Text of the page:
Jobs With Justice and Right to Work

By Don Johnson, Zion United Church of Christ, Gresham, OR
right to work is wrongThe Jobs With Justice breakfast on Wednesday, February 19, 2014 found the faith community, especially the United Church of Christ, very well represented. At least six UCC pastors were in attendance.

A large concern at the meeting was that there are currently 24 Right to Work states, and Oregon is being targeted to become the 25th. This effort is primarily promoted and funded by large corporations. One strategy is to use the words “choice” and “freedom” in their advertising. Corporations want to end organized labor so they can cut wages and benefits, which they claim are the reasons for higher prices. The real reason is probably greed. A posting on “Face Book” a few weeks ago by Global listed the pay ratio of CEOs vs. the average worker in various countries: Japan 11:1, Germany 12:1, France 15:1, Canada 20:1, UK 22:1, Mexico 47:1, USA 145:1. Many corporations pay their employees so poorly that they must rely on assistance to support and meet the medical needs of their families. Most corporations in the United States are doing quite well during these times, but the average worker is falling behind.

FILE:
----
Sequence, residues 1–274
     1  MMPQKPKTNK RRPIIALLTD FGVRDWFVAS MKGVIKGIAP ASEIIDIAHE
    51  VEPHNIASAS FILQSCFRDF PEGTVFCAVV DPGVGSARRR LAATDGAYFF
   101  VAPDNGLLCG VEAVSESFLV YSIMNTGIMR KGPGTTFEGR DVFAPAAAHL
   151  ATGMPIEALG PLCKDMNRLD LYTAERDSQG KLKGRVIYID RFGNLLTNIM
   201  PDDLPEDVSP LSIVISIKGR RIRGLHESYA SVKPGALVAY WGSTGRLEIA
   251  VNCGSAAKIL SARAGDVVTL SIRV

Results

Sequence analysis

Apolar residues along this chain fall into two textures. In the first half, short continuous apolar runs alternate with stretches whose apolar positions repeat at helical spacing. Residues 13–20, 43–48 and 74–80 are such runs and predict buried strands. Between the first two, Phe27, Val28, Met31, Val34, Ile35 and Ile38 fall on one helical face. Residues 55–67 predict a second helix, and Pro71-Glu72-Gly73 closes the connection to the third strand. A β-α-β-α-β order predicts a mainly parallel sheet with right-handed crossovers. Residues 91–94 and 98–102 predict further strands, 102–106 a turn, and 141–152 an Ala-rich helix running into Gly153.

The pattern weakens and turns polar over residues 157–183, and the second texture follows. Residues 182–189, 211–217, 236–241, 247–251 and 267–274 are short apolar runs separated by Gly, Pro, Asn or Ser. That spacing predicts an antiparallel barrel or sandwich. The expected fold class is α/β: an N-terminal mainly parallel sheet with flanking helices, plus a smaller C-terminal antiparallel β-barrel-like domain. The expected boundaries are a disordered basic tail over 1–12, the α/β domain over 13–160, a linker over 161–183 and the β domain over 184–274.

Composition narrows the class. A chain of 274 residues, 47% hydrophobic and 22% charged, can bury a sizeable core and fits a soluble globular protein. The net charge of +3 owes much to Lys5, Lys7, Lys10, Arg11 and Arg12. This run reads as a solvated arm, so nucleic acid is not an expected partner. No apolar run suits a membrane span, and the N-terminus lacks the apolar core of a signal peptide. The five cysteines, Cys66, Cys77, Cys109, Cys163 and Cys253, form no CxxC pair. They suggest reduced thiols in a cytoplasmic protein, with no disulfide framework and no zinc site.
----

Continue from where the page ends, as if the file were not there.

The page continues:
The states that have passed Right to Work legislation have generally followed with a reduction of the average worker’s salary and a decrease in benefits.  Some will argue that they are working for a corporation that gives them a good salary and benefits.  Did the corporation offer the workers these benefits, or did the organized labor unions work to get these conditions for the work force?

Oregon was set to have a Right to Work initiative on the November 2014 ballot, but last week it was announced that Oregon Governor John Kitzhaber had brokered a deal to take it off the ballot for this year.  We will have to remain vigilant as this type of legislation is bound to show up again and the income gap continues to grow.

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1 Comments

  1. John Stephens

    Reply

    There is no justification for forcing someone to join a union (or not join but have to pay union dues) in order to get or keep a job. In those states that have them, “Right to Work” statutes generally give an employee (or prospective employee) the right to work for a unionized employer, if the employer otherwise wants the employee, without the employee being required to join a union (or not join but still pay union dues). The consequences of employees having or not having that choice can be represented/misrepresented by a plethora of seemingly compelling statistics, but if joining (or not joining but still paying dues to) a union is so beneficial to an employee, then surely the union can successfully make a fair and reasoned appeal to a non-union employee regarding why the non-union employee would be better off by joining the union, and the union should be able to do so without the assistance of having state law force the employee to join the union.

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